Again, when Jesus said He had not come to bring peace to the earth He was, in fact, referring to the violence and bloodshed that would be systematically carried out in His name. There were believers and there were non-believers. Let’s say that a believer (a son) invites the wrath of his father (non-believer). And that is what happened through the centuries. When Jesus spoke those words, He was in fact cautioning us — it’s in that light that we must read that chapter and verse from Mathew.

And yes, like Roopster, I too believe in reading the Bible the way I feel it ought to be read. I too will not depend on some other mortal (annointed or whatever) to interpret God’s word for me.

8. Robert - December 29, 2007

Thanks carlton figg for reminding us that the gospel really is bad news.

9. Carlton Figg - January 9, 2008

Robert, a lot depends on what interpretation you give to “bad news”. I will not go out on a limb and say it’s all bad. Much of it is good — very good, in fact. Take the message of “salvation”, for instance. Can you think of any better news ? I cannot — not unless we go about the place talking about an after-life “in the body”. I mean, this physical form of mine is NOT going to experience an after-life. But my spirit will, and so will yours. The good news is that your spirit can ascend into heaven and be with God for all eternity. The bad news (if you read the Bible as it ought to be read) is that your body as you know it will rot in its grave forever and ever, amen. This is made very evident in 1 Corrintheans 15:42 where Paul goes to great lengths to explain why mortal bodies cannot enter heaven. Read also 1 Peter 3:18 where it is clearly laid down that Jesus was killed in “the flesh” and raised in “the spirit”.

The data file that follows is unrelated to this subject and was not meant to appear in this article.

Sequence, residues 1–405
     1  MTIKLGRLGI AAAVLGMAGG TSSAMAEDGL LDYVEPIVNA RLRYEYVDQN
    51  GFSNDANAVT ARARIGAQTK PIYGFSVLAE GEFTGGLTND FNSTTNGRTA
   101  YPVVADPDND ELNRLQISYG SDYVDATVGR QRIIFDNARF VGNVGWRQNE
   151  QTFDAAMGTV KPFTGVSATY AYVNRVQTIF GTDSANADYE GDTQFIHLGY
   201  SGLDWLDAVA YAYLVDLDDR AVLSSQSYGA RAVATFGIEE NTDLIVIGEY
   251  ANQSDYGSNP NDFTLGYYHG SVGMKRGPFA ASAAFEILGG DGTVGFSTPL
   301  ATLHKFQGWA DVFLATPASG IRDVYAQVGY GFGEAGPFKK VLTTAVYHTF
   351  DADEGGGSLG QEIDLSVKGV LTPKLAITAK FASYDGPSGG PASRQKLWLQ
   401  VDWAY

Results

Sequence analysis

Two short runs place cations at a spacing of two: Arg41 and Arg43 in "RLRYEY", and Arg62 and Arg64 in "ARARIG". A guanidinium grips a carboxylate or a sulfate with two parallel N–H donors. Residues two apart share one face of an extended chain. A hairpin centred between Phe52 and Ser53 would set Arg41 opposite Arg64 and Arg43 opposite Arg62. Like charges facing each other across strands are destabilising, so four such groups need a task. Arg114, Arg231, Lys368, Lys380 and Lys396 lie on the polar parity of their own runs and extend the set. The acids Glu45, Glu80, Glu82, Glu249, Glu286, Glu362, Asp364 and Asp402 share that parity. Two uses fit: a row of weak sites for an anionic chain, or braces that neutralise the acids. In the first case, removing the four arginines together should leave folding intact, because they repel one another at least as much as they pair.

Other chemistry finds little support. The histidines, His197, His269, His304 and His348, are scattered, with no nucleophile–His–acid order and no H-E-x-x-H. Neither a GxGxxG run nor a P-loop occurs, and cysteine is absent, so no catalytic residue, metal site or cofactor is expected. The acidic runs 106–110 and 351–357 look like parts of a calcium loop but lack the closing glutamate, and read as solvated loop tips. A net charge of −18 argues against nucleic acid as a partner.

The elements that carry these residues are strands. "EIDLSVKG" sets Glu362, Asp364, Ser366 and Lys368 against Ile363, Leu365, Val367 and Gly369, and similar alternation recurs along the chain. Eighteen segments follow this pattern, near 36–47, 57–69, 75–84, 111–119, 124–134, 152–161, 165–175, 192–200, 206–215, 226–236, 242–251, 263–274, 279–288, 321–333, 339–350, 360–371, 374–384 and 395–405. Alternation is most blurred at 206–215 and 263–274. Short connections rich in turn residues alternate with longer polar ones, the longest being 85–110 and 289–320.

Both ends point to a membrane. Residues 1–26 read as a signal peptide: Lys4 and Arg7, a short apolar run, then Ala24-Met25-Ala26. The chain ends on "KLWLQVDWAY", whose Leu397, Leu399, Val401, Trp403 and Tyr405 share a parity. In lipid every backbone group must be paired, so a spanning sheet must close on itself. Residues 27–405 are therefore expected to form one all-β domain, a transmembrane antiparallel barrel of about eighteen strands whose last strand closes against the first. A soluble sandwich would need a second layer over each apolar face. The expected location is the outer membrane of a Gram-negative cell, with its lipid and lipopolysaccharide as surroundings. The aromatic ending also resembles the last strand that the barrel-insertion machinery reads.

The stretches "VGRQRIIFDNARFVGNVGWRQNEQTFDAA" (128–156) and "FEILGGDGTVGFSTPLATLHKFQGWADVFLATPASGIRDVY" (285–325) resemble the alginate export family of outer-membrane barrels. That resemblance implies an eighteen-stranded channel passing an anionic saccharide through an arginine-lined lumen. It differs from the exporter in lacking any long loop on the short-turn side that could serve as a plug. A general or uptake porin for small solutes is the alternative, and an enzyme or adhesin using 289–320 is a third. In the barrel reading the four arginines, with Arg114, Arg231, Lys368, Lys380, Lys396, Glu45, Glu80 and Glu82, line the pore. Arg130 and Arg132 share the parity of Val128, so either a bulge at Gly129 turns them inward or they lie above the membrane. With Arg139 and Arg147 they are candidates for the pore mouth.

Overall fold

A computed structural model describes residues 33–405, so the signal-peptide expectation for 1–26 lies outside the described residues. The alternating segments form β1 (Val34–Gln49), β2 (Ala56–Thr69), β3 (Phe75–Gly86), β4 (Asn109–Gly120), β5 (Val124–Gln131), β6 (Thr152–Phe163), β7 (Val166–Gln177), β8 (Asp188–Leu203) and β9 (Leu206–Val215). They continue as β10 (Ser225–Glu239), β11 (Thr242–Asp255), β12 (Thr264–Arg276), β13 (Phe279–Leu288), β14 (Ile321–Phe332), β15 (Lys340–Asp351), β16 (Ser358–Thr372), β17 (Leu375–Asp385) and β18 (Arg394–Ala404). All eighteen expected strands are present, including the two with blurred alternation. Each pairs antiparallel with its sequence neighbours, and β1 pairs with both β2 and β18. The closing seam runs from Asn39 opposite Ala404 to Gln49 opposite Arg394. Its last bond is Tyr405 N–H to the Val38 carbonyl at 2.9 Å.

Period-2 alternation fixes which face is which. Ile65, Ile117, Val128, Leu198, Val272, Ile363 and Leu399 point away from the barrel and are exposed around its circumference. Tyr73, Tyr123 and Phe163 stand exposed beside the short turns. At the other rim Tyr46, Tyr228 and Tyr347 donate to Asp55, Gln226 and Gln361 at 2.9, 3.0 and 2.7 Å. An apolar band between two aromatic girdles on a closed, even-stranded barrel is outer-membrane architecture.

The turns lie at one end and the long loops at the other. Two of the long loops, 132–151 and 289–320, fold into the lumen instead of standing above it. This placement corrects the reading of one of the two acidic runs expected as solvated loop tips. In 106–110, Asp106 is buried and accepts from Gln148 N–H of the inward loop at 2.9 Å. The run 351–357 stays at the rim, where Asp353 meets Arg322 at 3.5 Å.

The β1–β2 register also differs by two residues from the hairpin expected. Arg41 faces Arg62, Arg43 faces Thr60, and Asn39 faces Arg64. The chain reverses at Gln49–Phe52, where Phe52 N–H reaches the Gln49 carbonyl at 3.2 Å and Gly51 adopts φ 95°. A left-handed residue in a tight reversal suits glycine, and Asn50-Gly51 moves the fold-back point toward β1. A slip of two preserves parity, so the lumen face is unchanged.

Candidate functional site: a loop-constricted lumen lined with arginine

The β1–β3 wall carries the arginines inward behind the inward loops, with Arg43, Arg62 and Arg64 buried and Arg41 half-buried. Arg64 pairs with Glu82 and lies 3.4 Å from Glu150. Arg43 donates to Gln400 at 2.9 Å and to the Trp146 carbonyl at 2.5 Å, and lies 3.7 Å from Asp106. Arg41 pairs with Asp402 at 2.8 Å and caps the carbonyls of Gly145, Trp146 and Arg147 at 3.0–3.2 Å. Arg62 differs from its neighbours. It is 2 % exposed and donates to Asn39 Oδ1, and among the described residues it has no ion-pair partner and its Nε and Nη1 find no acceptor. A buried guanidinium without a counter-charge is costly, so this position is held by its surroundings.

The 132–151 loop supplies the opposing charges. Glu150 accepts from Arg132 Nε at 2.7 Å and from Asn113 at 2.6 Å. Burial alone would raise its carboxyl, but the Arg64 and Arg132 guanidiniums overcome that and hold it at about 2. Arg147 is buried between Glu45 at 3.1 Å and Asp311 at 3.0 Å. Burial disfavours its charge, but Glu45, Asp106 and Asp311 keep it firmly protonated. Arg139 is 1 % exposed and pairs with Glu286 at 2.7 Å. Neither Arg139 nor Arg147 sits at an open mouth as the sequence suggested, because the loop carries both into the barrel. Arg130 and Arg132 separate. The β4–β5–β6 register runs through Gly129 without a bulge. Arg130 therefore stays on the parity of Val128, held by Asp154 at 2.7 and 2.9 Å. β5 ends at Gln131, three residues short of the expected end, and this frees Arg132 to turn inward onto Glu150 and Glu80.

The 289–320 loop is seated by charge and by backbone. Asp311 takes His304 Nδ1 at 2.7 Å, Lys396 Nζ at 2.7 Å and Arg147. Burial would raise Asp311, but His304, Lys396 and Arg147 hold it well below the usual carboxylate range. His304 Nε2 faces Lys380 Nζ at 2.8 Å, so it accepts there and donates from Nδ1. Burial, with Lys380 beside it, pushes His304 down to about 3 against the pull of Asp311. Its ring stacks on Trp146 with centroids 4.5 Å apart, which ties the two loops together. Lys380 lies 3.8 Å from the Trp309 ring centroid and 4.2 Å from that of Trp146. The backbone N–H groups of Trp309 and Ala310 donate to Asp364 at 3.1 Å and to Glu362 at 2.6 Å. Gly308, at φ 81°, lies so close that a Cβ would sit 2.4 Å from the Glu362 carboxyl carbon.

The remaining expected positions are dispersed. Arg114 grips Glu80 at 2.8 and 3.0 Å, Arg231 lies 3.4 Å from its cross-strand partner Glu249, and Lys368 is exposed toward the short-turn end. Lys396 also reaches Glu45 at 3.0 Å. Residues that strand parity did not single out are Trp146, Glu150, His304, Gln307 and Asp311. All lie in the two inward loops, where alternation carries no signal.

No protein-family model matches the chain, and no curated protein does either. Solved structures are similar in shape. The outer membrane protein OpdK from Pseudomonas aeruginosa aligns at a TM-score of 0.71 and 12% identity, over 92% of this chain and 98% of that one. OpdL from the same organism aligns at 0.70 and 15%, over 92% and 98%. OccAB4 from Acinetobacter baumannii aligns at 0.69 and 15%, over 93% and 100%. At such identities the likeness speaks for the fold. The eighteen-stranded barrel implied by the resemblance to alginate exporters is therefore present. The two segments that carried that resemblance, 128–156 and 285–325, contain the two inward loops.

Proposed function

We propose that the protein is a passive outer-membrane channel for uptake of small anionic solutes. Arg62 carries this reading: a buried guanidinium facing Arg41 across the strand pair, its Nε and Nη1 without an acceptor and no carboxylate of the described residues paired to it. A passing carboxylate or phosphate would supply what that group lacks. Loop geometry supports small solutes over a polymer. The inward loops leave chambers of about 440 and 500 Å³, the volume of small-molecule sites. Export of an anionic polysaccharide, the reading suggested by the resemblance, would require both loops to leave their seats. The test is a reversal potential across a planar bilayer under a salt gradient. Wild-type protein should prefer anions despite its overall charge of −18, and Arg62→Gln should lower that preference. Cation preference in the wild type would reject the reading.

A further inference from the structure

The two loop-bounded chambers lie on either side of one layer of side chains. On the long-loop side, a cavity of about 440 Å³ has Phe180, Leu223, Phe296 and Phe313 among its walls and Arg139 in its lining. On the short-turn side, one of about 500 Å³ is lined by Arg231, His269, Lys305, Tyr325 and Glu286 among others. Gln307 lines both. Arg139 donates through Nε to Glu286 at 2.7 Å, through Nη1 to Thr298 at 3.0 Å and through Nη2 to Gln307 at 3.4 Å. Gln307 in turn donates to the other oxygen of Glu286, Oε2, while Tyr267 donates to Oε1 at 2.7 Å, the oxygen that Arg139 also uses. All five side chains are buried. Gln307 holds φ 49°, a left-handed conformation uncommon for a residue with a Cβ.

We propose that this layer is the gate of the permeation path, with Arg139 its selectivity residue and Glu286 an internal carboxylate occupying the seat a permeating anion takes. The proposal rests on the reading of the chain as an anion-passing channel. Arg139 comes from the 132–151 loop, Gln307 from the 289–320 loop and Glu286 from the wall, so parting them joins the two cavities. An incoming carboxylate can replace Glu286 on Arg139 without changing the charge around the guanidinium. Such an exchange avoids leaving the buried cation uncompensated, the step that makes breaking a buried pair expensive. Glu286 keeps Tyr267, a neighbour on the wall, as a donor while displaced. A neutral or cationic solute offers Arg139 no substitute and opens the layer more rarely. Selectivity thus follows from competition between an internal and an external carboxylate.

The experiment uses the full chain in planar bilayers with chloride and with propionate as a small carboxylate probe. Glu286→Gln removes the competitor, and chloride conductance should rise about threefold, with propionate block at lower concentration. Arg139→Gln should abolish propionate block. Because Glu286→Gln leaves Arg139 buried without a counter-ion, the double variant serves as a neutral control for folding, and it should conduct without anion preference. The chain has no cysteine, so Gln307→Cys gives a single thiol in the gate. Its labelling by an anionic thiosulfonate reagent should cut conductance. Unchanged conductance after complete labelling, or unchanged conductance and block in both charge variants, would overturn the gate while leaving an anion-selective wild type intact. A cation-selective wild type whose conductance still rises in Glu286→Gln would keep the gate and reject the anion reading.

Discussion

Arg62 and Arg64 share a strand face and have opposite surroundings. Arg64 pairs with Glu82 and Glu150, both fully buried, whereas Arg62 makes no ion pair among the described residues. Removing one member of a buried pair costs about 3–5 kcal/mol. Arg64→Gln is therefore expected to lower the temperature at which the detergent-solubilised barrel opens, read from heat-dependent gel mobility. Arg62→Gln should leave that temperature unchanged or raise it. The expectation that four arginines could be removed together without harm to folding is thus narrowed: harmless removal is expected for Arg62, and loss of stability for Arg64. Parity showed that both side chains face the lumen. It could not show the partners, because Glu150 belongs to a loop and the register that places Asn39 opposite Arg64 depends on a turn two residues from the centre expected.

And no, this is not what our clergymen teach us. And they have their reasons, as well as agendas. Would you, for instance, be overly interested on being told that the physical form you love so well is slated to die and stay dead for all time to come ? The early Christian leaders understood that permanent physical death would have been “bad news” for their followers. So they thought up this theory of the “resurrection of the body”. And hey presto ! They had a fan club !

Yup, Robert, the Gospels can be both good and bad news — depending on which side of the fence you sit. But before I say “cheerio”, I suggest that you read the Bible as any person would read a good book. Don’t depend on “interpretations” — leave that to the dumbos and the illiterate !


Leave a Reply

Fill in your details below or click an icon to log in:

WordPress.com Logo

You are commenting using your WordPress.com account. Log Out / Change )

Twitter picture

You are commenting using your Twitter account. Log Out / Change )

Facebook photo

You are commenting using your Facebook account. Log Out / Change )

Google+ photo

You are commenting using your Google+ account. Log Out / Change )

Connecting to %s

%d bloggers like this: